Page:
How to Make a Simple Composting Toilet
The following has been rated PG, Pretty Gross, by the Mainstream Potty Association of America. You’ve been forewarned.
The kids and I slept in sleeping bags in the dome for the first few nights, while Mauricio chose to stay nice and warm in the RV, thank you. From the bay window, the night sky without light pollution is simply stunning. And it turns out that the Great Horned Owl we hear at dawn and dusk is not talking to himself. In the silence of the outdoors, without the thick walls of the RV, I heard a second and then a third owl having a complete conversation across the canyon. I also loved waking early to natural light streaming in as the kids were still snuggled in and sleeping.
But the second night, we froze our booties off, so we decided to wait until the dome is ready for us full-time. We’re looking into efficient woodburning stoves. More about that soon. But the other thing we need, besides a kitchen set-up, is a toilet situation.
We’ve been using the RV toilet which goes to a holding tank under the RV. The thought alone of a tank of poo underneath us is enough to gross me out. When the tanks are full, we open up the hoses and the black water goes into a basic underground septic tank that the previous owners had put in. We’re not sure what the capacity is, or how much was already in there, so we’re gambling that we’re not going to flood it.
There are a few problems with our current system, of which the primary can be summed up in two words: skid marks. RV toilets don’t have sitting water, but are dry. Then you have to come out of the bathroom, turn on the water pump, and step on the lever that flushes contents into the tank. As you can imagine, or maybe you prefer not to, the toilet bowl is pretty gross most of the time. Add to that the rank smell of emptying the tanks weekly (which has mostly been Mauricio—talk about Dirty Jobs) and you’ve got plenty of motivation to improve on the method.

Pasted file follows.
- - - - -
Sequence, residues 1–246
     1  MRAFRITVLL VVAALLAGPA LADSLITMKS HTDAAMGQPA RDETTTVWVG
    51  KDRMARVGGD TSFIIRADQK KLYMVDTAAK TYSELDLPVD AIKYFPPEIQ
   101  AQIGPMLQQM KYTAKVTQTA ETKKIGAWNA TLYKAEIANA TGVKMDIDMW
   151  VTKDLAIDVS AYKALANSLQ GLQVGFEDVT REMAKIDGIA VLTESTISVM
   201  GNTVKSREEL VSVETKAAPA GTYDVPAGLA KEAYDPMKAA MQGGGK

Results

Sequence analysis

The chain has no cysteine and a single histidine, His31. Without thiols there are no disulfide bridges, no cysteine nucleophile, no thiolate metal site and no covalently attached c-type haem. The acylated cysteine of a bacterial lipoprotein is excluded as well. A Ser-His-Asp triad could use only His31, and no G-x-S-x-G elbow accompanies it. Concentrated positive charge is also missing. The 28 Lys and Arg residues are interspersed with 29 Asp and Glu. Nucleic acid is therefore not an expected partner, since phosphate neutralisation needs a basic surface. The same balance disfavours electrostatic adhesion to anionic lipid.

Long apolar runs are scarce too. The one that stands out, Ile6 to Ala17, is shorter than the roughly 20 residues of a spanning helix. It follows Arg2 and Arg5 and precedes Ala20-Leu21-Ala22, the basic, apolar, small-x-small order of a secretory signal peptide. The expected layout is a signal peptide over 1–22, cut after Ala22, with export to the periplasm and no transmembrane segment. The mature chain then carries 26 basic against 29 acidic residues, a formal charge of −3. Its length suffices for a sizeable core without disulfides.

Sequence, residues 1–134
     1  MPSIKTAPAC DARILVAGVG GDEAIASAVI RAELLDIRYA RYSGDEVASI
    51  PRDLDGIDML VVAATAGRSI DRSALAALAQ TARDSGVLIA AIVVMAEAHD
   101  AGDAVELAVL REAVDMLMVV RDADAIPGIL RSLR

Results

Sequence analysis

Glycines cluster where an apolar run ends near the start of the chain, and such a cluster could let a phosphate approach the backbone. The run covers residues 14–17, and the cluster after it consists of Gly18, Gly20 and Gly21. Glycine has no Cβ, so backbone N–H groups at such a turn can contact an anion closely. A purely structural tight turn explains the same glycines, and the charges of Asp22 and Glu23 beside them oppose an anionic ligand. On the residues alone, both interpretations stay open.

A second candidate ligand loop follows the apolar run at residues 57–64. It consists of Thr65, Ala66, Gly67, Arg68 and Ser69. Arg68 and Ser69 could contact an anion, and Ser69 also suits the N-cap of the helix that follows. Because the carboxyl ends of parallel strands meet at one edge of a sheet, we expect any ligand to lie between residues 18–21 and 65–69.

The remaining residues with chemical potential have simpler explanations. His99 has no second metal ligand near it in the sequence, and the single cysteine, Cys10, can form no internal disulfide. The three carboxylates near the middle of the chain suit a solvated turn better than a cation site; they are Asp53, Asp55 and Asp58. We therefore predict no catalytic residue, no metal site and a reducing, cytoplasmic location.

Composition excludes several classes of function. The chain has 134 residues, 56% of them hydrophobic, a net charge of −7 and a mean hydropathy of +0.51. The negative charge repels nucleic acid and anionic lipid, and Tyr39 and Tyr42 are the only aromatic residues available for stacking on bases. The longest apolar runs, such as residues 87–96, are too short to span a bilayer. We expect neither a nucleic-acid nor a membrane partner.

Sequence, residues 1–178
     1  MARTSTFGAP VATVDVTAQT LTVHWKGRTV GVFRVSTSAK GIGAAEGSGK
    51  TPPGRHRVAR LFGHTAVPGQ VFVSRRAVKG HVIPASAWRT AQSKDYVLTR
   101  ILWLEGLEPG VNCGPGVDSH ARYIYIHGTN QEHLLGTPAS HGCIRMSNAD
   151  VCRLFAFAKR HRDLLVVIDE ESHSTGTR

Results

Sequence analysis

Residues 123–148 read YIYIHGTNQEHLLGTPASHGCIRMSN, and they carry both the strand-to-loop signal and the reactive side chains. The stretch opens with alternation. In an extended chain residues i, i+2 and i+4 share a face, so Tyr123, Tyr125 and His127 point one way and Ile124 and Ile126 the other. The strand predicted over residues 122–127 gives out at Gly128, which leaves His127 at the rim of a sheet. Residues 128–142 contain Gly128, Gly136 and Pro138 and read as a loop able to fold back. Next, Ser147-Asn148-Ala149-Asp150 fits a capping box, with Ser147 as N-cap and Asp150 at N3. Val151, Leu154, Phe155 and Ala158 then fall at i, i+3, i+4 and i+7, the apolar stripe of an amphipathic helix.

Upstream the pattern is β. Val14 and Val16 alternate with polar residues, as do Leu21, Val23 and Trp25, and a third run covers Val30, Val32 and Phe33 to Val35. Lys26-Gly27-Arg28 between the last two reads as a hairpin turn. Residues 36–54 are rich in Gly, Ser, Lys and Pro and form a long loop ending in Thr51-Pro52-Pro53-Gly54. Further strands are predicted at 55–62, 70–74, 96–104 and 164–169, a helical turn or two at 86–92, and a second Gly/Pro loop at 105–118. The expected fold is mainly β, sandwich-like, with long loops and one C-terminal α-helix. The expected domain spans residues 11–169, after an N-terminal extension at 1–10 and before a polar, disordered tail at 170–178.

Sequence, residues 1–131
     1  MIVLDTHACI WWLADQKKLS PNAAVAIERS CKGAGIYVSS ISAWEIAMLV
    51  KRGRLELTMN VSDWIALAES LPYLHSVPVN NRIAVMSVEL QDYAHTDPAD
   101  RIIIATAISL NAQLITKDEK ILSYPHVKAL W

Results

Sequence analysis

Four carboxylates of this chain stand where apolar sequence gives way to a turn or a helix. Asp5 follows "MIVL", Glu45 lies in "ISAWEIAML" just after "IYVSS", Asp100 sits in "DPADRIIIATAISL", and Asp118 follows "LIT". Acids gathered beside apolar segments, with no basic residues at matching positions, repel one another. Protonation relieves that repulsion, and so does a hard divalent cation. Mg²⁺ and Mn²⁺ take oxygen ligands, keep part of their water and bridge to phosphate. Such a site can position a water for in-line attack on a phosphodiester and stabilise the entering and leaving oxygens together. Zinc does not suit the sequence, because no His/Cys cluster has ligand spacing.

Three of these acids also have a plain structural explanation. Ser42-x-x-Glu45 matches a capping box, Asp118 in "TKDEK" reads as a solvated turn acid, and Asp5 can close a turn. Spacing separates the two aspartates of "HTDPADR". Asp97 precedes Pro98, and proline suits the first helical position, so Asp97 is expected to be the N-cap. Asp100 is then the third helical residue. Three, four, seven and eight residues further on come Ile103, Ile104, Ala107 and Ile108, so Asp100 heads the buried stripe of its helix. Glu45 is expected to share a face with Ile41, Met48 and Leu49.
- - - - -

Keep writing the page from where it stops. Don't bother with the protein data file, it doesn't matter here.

A digression: When I was in the Peace Corps, I was the only American on an island of about 130 people. One of the requirements to host a volunteer was that they build an outhouse. Mine was the only outhouse on the whole island. I soon found out why. Within two months, the outhouse was filled with giant cockroaches. I do not exaggerate when I say there were hundreds of those 2-inch suckers in the outhouse. Soon, I too, was “going to the bathroom” the way the Marshallese do. During the day, you go to the ocean side, squat in the low reef, then use a few rocks to wipe. The tide carries it away. During the night, you go to the closer lagoon side, dig a hole in the sand, cover it, then wash in the lagoon. Believe me, it was a whole lot more sanitary than that outhouse. And washing with rocks and water was a basic bidet system that got you cleaner than toilet paper. So let’s just say I’m no stranger to considering alternative toilet options.
Because of the nasty RV toilet, and fear of smell with a composting toilets, Mauricio has been pretty insistent that we get some kind of P-trap toilet that has a water seal. However, our water tanks are about a third of the way down, so we know we’re going to have to conserve water.